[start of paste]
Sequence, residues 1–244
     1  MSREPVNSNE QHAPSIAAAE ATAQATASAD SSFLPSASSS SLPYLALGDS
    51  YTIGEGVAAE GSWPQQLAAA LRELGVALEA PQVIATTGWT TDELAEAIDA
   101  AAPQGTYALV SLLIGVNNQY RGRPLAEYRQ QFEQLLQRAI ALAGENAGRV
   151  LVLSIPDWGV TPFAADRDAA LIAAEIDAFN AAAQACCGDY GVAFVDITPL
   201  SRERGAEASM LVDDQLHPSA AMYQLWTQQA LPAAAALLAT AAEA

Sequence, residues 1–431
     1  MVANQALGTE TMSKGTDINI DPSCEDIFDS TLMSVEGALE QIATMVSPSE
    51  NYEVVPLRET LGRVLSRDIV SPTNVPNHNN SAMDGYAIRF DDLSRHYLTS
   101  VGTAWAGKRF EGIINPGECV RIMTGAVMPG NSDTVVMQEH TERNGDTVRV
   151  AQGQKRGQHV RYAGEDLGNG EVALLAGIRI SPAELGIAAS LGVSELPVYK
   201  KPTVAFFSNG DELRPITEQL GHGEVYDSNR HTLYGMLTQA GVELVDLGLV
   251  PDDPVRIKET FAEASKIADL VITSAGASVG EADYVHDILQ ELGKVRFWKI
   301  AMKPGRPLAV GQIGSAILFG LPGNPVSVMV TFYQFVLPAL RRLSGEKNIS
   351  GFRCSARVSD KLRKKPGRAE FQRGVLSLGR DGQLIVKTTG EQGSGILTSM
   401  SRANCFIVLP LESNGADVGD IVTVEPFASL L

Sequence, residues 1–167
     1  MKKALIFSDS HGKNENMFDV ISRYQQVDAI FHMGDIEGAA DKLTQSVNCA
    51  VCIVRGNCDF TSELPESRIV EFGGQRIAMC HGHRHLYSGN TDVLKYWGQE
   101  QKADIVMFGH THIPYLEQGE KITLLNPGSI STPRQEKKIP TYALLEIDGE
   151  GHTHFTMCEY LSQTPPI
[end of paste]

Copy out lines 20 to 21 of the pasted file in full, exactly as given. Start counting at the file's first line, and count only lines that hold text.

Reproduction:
   101  QKADIVMFGH THIPYLEQGE KITLLNPGSI STPRQEKKIP TYALLEIDGE
   151  GHTHFTMCEY LSQTPPI